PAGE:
According to the graph, the influence of UHI has been steadily growing since 1970. Hellinikon, by the way, was Athens’ airport until 2001, since when it has been redeveloped. The rate of divergence between Athens and the rural site at Tanagra looks to be the best part of a degree since 1970. Indeed, the Abstract quotes a figure of 0.2C /decade.

This leads us to the question, how much allowance are GISS making for UHI in Athens and other locations in Greece?

Astonishingly, at Athens Observatory, far from allowing for UHI, GISS are doing the opposite by reducing historic temperatures by 0.1C. For instance, the annual temperature in 1970 was 18.66C, but GISS have adjusted this down to 18.56C.




Altogether, there are six operational sites in Greece that are used by GISS, of which none are rural:-


  Population x 1000 Airport? Allowance for UHI
Since 1970
Degree C
Athens Observatory 2567   -0.1
Athens Airport 2567 Y 0.1
Thessaloniki 482 Y 0.2
Kerkyra 29 Y 0
Larissa 72   0.39
Kalamata 39 Y 0



It is clear that the adjustments made are woefully short of what is needed to reflect the reality of the situation. As a result, and given the lack of any rural stations, the GISS analysis grossly overstates climatic warming in Greece.

Indeed, Founda et al find that UHI accounts for almost half of Athens’ warming since 1970. This statement takes on even more significance when we see that the familiar cyclical pattern, with a much colder interval during the 1970’s , squeezed in between the warm 1930’s – 40’s and recent warming.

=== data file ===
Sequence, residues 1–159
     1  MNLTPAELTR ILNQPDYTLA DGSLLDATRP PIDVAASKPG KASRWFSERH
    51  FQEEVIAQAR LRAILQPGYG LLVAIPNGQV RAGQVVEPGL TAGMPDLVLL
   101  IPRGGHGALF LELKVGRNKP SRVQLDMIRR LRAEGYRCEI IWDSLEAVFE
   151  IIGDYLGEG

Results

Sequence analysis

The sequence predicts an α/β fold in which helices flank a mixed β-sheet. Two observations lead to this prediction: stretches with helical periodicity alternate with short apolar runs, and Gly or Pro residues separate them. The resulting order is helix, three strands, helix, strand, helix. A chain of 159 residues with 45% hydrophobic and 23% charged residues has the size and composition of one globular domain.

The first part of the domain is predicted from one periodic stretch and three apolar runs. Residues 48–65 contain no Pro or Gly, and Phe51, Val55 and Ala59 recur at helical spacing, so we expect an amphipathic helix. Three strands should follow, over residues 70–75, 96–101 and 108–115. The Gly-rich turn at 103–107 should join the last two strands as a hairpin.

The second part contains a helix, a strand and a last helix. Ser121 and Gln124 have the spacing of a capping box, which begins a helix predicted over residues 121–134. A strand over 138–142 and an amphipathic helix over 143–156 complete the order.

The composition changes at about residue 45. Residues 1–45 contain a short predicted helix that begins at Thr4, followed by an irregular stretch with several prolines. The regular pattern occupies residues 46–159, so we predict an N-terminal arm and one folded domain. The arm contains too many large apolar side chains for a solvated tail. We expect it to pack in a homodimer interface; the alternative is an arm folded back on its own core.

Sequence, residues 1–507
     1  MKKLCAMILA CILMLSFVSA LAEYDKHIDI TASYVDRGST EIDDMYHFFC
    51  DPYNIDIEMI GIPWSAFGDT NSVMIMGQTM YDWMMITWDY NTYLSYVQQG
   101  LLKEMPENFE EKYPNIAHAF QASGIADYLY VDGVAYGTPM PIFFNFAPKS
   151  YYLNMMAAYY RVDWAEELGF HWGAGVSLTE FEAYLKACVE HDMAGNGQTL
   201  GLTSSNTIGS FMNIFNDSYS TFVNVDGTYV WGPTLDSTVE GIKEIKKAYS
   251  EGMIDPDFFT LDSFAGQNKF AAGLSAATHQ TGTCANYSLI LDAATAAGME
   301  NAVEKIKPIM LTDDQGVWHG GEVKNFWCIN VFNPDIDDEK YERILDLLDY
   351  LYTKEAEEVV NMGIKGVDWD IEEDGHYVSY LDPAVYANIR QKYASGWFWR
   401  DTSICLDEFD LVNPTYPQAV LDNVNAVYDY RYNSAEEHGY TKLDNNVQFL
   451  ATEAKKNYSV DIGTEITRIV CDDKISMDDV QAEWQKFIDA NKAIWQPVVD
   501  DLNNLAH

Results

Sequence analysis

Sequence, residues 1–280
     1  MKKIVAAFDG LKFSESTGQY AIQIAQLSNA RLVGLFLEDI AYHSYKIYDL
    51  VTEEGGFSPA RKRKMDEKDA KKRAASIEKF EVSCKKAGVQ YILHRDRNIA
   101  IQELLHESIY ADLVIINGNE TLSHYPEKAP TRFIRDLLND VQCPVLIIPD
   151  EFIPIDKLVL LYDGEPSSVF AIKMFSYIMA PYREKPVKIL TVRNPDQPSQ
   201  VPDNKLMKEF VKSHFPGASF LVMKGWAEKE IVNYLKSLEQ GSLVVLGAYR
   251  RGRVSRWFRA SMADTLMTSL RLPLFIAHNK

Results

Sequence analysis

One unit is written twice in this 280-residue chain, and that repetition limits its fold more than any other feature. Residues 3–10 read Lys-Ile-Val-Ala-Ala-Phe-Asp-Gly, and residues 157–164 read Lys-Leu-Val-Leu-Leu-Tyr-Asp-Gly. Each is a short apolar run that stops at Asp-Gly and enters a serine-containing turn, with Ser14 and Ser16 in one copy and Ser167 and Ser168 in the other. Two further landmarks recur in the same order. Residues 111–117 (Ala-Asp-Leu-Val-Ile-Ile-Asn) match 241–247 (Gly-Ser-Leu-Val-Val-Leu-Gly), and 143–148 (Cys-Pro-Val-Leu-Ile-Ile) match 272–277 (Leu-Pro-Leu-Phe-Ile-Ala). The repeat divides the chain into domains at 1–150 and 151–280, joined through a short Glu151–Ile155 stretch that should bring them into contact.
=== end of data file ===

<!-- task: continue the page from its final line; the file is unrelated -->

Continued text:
The reality is that there has been little if any warming in Athens since the 1930’s. Take away the UHI effect, and we are probably looking at an underlying cooling trend.






It is becoming painfully apparent that the GISS system for dealing with UHI is pitifully inadequate, a fact that I suspect they already know. It is no wonder that they say:

The homogeneity adjustment procedure [Hansen et al., 1999, Figure 3] changes the long-term temperature trend of an urban station to make it agree with the mean trend of nearby rural stations. The effect of this adjustment on global temperature change was found to be small, less than 0.1°C for the past century.


despite the fact that the vast majority of global temperature stations are urban/airport based. 


The GISS dataset is quite simply unfit for purpose.

  1. Graeme No.3 permalink
    August 1, 2015 10:58 pm

    “The GISS dataset is quite simply unfit for purpose.”

    That depends – whose purpose?

    • AndyG55 permalink